Research


Latest SCI publications

Latest Projects

Research project (§ 26 & § 27)
Duration : 2018-08-01 - 2018-10-31

In the years 2017 and 2018 the sugar beet weevil, Bothynoderes punctiventris, was the most damaging pests of sugar beets in the Eastern parts of Austria. Applicationof synthetic insecticides against this pest did not result in sufficient control. The aim of the project is to investigate alternative and sustainable control strategies against the sugar beet weevil.
Research project (§ 26 & § 27)
Duration : 2018-07-01 - 2019-03-15

In 2017, glyphosate was approved for another 5 years as a plant protection product in Europe, despite dissenting amongst others from Austria. A national feasibility study for Austria will be done in order to assess the possible ecological and economic effects of an exit or further restriction of use. This study will provide a sound basis for an Austrian action plan on the possible phasing out of glyphosate in plant protection products to mitigate any ecological and economic disadvantages in agriculture. A re-examination of the approval of the active substance, health policy aspects as well as an economic cost estimate of a glyphosate waiver are not the subject of this study.
Research project (§ 26 & § 27)
Duration : 2017-05-01 - 2020-04-30

Soil-borne pathogens pose particular challenges in the field of plant protection. Apart from direct antagonistic effects of certain fungi and bacteria also beneficial microorganisms such as arbuscular mycorrhizal fungi (AMF) and fungal endophytes can increase the resistance of plants to soil-borne pathogens. Although fungal endophytes such as Sebacinales have originally been isolated from AMF spores there is hardly any information available about their putative interactions in tomato plant health. For this project two European species of Sebacinales will be used. Serendipita williamsii as well as Serendipita herbamans have not been investigated yet for their putative role in plant growth promotion and against soil-borne pathogens. Therefore, in the first objective the effects of selected Serendipita spp. alone and in combination with AMF on tomato plant growth and disease control will be investigated. In the second objective, the colonization process of tomato roots by S. herbamans and S. williamsii alone and in combination with F. oxysporum f. sp. lycopersici and AMF will be analyzed by different microscopic analyses. Finally, in the third objective systemic effects of Serendipita spp. in tomato on F. oxysporum and AMF will be analyzed in split-root systems. Since P. williamsii and S. herbamans will be investigated for the first time for their plant growth promotion and bioprotective effects in tomato this proposal offers great innovative potential and will give the applicants the opportunity to be among the first ones in this new emerging direction. To visualize the colonization process of the roots the two sebacinoid fungi will be transformed with plasmids containing yellow fluorescent protein (eYFP) and red fluorescent protein (mRFP1), respectively, and investigated under a fluorescent microscope. Furthermore, FISH (fluorescence in situ hybridization) will be used to investigate the interactions within the root tissue. Additionally, transmission electron microscopy will be performed. In order to investigate growth and bioprotective effects greenhouse experiments will be conducted. Disease incidence and severity will be assessed by visual rating and roots will be scanned and analyzed by the software WinRhizo®. Colonization of roots by sebacinoid and AM fungi will be quantified by qPCR. Furthermore, expression of defense-related genes will be estimated by real-time qPCR and selected secondary metabolites will be monitored by HTLC to investigate bioprotective effects in greater detail.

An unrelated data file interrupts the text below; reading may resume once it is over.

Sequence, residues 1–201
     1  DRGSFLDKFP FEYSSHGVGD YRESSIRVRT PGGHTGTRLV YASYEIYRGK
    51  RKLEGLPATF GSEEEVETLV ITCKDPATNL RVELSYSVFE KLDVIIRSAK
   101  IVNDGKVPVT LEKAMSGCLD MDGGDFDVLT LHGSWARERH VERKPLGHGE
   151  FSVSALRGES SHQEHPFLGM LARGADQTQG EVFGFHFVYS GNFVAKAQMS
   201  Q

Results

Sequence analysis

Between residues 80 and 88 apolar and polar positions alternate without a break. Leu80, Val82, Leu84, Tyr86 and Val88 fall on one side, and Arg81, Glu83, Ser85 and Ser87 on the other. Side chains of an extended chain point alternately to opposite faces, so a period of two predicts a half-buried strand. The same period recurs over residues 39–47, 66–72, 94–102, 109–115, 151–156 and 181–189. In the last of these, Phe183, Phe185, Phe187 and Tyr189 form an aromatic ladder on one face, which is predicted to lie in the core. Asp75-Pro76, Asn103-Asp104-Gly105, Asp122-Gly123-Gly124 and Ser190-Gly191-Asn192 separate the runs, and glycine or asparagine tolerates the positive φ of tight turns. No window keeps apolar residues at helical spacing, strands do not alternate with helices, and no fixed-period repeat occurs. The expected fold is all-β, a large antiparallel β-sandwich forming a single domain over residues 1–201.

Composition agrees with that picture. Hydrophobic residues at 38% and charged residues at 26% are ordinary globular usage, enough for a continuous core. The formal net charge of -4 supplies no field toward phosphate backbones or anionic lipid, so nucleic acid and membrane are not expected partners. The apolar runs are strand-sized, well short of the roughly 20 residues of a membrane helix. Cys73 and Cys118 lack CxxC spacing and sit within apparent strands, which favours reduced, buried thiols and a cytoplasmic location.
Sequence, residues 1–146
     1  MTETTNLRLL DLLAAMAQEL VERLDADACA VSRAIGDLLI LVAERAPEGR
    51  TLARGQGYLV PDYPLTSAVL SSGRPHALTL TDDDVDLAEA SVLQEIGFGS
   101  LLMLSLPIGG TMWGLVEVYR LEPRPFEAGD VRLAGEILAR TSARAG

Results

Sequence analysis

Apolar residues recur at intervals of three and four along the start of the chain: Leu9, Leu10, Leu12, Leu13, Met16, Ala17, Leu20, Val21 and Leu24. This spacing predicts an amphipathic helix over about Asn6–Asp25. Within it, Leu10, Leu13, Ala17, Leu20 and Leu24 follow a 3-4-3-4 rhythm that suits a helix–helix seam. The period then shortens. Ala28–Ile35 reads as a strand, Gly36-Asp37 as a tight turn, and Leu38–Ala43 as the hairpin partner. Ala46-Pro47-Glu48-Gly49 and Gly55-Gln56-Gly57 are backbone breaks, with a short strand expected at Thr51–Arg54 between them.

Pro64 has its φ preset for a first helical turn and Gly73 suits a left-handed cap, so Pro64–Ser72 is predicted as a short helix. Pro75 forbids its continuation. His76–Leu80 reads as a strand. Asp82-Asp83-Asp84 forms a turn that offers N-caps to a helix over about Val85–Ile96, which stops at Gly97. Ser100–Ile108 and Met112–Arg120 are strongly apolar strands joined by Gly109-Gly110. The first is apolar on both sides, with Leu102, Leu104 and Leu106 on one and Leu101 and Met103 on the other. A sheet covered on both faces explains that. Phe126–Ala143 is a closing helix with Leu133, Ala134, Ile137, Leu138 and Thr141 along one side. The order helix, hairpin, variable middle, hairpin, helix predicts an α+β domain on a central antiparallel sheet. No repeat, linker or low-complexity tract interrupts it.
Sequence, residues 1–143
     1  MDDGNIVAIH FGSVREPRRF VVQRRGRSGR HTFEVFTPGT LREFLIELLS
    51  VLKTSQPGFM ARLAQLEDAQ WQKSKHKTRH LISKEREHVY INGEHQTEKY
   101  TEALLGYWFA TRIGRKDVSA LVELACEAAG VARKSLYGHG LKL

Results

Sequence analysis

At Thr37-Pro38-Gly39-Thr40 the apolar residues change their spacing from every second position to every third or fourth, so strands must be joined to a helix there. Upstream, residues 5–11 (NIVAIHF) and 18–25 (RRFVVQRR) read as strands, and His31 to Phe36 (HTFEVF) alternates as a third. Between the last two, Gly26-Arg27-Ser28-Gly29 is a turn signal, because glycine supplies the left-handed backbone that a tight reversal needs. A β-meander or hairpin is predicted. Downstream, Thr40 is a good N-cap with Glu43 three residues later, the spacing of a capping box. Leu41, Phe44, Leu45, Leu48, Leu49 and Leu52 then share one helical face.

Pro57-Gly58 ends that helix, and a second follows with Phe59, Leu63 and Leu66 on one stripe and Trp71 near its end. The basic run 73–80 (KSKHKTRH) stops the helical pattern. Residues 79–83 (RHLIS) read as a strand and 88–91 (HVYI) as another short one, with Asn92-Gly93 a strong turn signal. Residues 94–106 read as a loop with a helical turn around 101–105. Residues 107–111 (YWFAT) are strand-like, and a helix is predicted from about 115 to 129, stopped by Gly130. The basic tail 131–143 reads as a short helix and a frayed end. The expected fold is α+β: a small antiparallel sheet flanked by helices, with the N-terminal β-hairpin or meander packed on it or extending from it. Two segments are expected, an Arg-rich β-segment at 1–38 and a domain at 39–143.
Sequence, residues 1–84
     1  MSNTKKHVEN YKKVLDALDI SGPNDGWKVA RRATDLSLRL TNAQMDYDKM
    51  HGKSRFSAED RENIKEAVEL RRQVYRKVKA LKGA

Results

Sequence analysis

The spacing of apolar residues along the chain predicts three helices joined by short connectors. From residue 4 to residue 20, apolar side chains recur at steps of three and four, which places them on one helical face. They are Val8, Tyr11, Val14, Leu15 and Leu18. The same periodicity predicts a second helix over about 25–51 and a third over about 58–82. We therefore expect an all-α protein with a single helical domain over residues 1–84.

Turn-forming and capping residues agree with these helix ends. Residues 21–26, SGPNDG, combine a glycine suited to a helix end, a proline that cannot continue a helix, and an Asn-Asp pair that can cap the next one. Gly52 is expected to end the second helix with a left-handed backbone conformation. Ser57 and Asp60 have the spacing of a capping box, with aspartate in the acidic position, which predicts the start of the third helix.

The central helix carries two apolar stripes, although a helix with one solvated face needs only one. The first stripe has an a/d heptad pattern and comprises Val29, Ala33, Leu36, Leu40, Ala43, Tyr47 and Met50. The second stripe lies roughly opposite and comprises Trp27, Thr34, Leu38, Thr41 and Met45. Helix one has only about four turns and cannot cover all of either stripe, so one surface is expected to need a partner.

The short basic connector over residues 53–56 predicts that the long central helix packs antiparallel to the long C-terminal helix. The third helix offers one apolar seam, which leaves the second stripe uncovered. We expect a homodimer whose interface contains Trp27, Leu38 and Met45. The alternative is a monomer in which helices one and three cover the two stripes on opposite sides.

Supervised Theses and Dissertations